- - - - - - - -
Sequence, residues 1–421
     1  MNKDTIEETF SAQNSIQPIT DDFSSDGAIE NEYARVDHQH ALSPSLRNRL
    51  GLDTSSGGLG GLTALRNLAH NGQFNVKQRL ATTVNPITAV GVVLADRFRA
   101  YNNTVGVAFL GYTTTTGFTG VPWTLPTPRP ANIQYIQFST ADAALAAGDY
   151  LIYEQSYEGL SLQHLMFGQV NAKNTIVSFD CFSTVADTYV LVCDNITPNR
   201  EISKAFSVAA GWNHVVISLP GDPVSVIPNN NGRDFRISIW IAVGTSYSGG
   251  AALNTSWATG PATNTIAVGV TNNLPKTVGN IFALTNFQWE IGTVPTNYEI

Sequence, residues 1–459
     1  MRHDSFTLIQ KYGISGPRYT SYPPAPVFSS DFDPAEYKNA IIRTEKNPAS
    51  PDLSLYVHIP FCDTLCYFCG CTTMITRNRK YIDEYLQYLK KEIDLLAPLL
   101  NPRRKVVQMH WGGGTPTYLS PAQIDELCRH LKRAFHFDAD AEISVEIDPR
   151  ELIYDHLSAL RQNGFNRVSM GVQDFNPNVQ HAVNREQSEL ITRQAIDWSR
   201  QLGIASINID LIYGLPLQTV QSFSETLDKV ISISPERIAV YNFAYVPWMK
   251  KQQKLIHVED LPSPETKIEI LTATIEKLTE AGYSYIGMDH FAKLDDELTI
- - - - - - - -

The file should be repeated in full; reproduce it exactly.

Sequence, residues 1–421
     1  MNKDTIEETF SAQNSIQPIT DDFSSDGAIE NEYARVDHQH ALSPSLRNRL
    51  GLDTSSGGLG GLTALRNLAH NGQFNVKQRL ATTVNPITAV GVVLADRFRA
   101  YNNTVGVAFL GYTTTTGFTG VPWTLPTPRP ANIQYIQFST ADAALAAGDY
   151  LIYEQSYEGL SLQHLMFGQV NAKNTIVSFD CFSTVADTYV LVCDNITPNR
   201  EISKAFSVAA GWNHVVISLP GDPVSVIPNN NGRDFRISIW IAVGTSYSGG
   251  AALNTSWATG PATNTIAVGV TNNLPKTVGN IFALTNFQWE IGTVPTNYEI

Sequence, residues 1–459
     1  MRHDSFTLIQ KYGISGPRYT SYPPAPVFSS DFDPAEYKNA IIRTEKNPAS
    51  PDLSLYVHIP FCDTLCYFCG CTTMITRNRK YIDEYLQYLK KEIDLLAPLL
   101  NPRRKVVQMH WGGGTPTYLS PAQIDELCRH LKRAFHFDAD AEISVEIDPR
   151  ELIYDHLSAL RQNGFNRVSM GVQDFNPNVQ HAVNREQSEL ITRQAIDWSR
   201  QLGIASINID LIYGLPLQTV QSFSETLDKV ISISPERIAV YNFAYVPWMK
   251  KQQKLIHVED LPSPETKIEI LTATIEKLTE AGYSYIGMDH FAKLDDELTI